Picking up from yesterday's post, I left off with the observation that if elections turn on campaign platforms, then they are strategic contests between candidates, and if they turn on "valence" characteristics, like competence and honesty, then they are not strategic contests.
Warning: I'm going to do some math. It will be simple math, though, and I'll explain everything.
In normative terms, are we comfortable with a diminished role for valence characteristics? Economic theory allows us to construct what we call "utility functions," in which we plug in a bunch of values for the stuff we like, and the equation spits out a number to tell us how happy a person is, in numerical terms. Observe:
(1) U(policy) = - | policy - i |
Simple equation. The parameter, i, represents an actor's "ideal point" for policy, and the equation takes the absolute value of the distance between that actor's ideal point and any given policy, and then multiplies it by -1 so that bigger distances are bad, regardless of direction. Simple. A policy is 10 units away? -10 "utils." A policy is 100 units away? -100 utils. Yes, the units are called, "utils." Fucking economists...
So, how do we combine that with, say, a candidate's score on a dimension representing honesty? Let's say every candidate gets a score along an honesty dimension. Let's say the policy dimension goes from -1 to +1, just like the NOMINATE scale we use to measure congressional voting scores. For the sake of consistency, let's say honesty also goes from -1 to +1. Here's a utility function:
(2) U(policy, honesty) = - | policy - i | + honesty
That's fine, right? They're additive. If a candidate is more honest, that's a bonus. More dishonest, that's a negative. The range of scores is -3 (2 units away and a lying sack of shit) to +1 (totally honest, and right at the voter's ideal point). But, I could write the equation differently.
(3) U(policy, honesty) = - | policy - i | + 10000000000*honesty
See how that changes things? Policy no longer matters that much. It is now all about honesty, just because of that multiplier. Is Equation 3 more right or wrong than Equation 2? Nope. As far as economic theory is concerned, both are just dandy. Microeconomic theory begins with utility functions as assumptions. But, there are normative issues built into them. That last utility function is a utility function that values honesty more than policy, given the scales, and that isn't intrinsically wrong.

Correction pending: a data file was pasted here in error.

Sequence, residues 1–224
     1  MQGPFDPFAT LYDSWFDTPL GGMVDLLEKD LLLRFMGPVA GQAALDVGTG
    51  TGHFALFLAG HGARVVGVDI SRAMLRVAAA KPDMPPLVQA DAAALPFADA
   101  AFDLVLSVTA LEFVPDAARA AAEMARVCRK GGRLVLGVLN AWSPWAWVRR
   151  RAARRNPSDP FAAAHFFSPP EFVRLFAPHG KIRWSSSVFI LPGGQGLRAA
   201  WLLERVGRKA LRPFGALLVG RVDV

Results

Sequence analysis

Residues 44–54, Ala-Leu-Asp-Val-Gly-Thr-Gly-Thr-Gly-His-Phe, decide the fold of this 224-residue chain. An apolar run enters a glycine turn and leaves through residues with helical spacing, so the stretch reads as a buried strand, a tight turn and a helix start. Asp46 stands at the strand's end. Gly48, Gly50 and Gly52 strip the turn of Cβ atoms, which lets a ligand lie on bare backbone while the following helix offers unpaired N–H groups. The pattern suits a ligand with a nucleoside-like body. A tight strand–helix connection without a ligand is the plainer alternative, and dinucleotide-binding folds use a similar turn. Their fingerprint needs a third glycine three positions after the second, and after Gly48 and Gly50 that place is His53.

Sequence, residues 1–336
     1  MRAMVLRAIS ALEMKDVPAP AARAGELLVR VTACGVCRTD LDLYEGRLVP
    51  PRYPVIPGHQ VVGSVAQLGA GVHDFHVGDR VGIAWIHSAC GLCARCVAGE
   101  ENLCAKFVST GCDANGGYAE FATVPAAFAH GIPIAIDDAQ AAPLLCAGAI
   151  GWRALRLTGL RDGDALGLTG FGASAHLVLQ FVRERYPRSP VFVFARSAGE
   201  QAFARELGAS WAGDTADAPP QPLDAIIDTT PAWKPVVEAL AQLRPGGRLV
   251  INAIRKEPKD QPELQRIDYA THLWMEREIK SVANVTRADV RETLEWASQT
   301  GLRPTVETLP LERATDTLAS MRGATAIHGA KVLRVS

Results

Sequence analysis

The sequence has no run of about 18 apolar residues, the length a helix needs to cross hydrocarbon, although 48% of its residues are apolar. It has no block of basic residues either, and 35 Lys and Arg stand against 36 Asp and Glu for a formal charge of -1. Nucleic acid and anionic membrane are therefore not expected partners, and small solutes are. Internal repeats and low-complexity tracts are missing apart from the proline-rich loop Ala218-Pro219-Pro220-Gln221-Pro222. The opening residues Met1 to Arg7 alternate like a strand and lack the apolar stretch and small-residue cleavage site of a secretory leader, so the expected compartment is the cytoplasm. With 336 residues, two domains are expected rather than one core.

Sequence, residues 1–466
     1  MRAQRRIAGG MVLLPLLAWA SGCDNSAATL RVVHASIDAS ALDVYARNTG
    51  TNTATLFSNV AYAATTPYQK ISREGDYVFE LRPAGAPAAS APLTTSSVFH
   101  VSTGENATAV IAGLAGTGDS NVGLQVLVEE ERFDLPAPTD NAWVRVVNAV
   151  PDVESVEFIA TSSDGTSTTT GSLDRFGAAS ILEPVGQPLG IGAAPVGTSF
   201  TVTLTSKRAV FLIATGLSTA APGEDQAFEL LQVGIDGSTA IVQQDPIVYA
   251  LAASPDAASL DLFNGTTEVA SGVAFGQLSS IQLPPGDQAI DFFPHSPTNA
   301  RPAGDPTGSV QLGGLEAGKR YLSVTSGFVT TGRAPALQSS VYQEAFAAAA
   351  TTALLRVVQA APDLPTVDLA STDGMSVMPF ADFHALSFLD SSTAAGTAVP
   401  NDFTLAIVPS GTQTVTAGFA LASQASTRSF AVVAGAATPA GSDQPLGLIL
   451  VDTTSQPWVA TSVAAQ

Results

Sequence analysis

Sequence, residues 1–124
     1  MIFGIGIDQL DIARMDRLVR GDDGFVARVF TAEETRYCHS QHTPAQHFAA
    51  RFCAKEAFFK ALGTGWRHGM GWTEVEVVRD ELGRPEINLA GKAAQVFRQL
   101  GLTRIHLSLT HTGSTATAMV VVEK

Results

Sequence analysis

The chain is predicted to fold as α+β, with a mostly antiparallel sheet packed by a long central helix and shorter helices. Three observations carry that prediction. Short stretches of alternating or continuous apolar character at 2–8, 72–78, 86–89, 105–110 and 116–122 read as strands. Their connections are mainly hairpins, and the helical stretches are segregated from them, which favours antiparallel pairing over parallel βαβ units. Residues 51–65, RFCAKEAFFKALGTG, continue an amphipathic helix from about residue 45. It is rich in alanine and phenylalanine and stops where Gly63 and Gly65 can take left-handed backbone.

What is more important for democracy? Convergence to the median voter, or honesty among elected officials? Um, I haven't the slightest fucking clue. Like I said, that's a value judgment.
But, it is a value judgment critical to the question of whether or not we are comfortable with the notion of campaigns being strategic contests, because if we are not comfortable with campaigns ignoring large gaps in valence characteristics, then we should not be comfortable with campaigns turning on strategy, which brings me back to the beginning of yesterday's post. Trump, and his apologists want to deflect all attention about 2016 shenanigans away from Russia, Comey, etc., and towards any supposed strategic mistakes Clinton made. But, if we are not comfortable with elections that ignore gaps in valence traits, that's a problem because, as I have commented frequently, particularly during the "Assessing democracy..." series, there isn't a "valence" trait on which Trump could potentially score higher than Clinton.
Of course, I have only addressed the basic questions of spatial theory here because I'm a spatial theorist, but really, Trump and his apologists haven't been talking about spatial theory. They have been saying that Clinton lost by, for example, not campaigning in Wisconsin. That's a separate component of strategy anyway, opening up a separate set of both normative and empirical questions. That is an argument that a campaign is a chess game between candidates in which voters aren't even actors at all, which is a really interesting argument. I guess I have more to write...